Chinese netizen ‘@DoubleTrouble’ (@二捣蛋), a Guangzhou stay-at-home mother of two kids, recently posted about her desire to take “an absence of leave” (请假) from her life as a mum and travel by herself during the Chinese National Holiday.

The woman shared her grievances on WeChat about being severely criticized by her husband and mother-in-law for wanting some time for herself during an 8-day vacation after taking on the sole care of her two children non-stop for years.

The unhappy mother’s story, which was posted some days before the start of China’s national holiday, was picked up by Chinese media and went viral. It triggered heated discussions on the role of China’s stay-at-home mothers within the family.

 

A FULL-TIME MOTHER’S DILEMMA

“I raised the subject of wanting to go away for a while. But I couldn’t even finish speaking before my mother-in-law said: How dare you think of things like this as a mother?!”

 

The original text, which was posted by the woman on a WeChat forum for Guangzhou mothers (gzmama.com), is as follows:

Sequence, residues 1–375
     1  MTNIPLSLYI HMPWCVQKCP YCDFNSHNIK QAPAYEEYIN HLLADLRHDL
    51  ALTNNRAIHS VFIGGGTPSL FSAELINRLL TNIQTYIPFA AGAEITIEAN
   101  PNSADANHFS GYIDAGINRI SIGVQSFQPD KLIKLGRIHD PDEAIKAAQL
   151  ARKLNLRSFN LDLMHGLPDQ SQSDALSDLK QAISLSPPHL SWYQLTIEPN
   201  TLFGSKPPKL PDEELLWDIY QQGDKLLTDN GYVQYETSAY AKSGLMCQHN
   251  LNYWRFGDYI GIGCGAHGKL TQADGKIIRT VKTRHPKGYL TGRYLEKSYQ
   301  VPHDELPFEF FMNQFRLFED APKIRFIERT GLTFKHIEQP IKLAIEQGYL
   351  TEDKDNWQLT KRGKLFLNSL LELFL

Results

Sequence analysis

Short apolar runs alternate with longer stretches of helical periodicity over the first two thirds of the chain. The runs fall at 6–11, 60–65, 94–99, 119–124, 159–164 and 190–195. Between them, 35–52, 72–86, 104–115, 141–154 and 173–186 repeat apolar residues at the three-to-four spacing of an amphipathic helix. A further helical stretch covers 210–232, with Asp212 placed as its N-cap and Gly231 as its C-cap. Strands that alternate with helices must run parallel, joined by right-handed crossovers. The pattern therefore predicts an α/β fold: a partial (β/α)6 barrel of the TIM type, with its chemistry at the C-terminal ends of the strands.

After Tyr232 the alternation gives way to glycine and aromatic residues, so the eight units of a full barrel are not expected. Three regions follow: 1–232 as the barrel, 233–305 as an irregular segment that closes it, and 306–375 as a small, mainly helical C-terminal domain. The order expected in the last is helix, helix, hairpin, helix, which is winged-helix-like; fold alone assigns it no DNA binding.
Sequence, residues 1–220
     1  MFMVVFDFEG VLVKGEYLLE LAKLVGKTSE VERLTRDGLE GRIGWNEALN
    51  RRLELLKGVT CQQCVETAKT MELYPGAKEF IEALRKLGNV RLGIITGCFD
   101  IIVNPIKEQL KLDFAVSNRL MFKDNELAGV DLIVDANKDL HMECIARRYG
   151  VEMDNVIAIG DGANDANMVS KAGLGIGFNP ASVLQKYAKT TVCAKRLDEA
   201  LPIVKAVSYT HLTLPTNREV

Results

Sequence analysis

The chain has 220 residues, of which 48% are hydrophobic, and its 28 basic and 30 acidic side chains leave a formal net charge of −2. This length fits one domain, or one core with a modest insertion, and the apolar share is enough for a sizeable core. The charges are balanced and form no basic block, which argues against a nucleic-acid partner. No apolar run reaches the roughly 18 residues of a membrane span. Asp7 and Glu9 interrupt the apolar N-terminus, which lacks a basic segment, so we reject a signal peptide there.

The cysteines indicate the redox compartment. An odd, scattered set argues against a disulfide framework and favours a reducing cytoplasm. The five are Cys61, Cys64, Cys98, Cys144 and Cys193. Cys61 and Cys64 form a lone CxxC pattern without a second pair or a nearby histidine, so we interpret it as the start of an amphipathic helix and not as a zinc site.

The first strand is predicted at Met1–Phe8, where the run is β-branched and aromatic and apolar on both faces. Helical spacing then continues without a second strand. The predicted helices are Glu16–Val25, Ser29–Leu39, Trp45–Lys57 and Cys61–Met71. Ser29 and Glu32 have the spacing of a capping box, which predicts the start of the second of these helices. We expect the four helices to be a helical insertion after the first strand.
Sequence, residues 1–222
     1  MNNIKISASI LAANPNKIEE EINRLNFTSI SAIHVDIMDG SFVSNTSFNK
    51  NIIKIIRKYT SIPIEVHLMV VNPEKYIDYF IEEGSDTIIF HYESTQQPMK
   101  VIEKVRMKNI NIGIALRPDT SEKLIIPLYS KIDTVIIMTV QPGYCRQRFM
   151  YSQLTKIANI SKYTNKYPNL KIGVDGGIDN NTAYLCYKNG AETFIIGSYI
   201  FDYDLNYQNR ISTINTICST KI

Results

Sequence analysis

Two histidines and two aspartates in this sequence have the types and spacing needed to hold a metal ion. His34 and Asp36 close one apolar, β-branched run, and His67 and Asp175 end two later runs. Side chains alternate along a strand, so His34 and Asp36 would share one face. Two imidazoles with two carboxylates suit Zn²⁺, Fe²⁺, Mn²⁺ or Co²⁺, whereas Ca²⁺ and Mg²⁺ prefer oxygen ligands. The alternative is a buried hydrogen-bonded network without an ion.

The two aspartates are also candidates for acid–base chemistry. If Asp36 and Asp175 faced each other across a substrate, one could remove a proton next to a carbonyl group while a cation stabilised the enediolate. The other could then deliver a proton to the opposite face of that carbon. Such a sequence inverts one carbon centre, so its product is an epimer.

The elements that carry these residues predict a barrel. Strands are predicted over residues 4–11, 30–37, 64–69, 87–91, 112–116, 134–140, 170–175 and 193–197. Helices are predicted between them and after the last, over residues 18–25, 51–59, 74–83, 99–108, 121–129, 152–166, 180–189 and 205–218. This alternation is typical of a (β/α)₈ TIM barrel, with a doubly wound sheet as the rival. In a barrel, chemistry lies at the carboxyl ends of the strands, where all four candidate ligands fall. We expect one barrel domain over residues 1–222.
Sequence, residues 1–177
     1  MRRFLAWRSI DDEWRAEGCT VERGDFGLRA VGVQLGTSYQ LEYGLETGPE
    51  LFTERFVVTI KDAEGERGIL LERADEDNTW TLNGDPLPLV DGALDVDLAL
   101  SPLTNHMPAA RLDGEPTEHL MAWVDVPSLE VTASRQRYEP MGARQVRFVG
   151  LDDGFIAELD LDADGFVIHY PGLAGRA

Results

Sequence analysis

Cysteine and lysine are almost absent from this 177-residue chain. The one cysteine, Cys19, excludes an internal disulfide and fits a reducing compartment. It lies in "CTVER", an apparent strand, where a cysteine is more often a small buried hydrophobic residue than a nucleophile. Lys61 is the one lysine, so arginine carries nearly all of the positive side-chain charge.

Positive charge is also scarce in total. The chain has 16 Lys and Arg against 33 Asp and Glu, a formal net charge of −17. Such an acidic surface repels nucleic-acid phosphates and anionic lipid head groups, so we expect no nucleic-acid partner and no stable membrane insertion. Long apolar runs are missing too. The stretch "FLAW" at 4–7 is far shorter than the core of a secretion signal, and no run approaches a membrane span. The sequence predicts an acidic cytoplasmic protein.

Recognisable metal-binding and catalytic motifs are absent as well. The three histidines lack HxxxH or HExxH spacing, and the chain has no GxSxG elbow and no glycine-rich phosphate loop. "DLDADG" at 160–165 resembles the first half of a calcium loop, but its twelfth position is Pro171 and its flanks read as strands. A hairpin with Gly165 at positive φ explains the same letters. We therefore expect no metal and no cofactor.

“The past two days I’ve had a falling out with my family members. I wanted to use the National Holiday to travel somewhere, but my husband and mother-in-law strongly opposed. Now, there is all this turmoil because of this, with them criticizing me for being selfish. They also say I am irresponsible and that I am an unfit mother. I feel really low.

The situation is that I have two children, a 5-year-old and a 2-year-old, both raised by me. Although my parents-in-law are also in Guangzhou, they’ve never helped me out at all. Even when one child gets sick, it is me who has to take both the children to the hospital.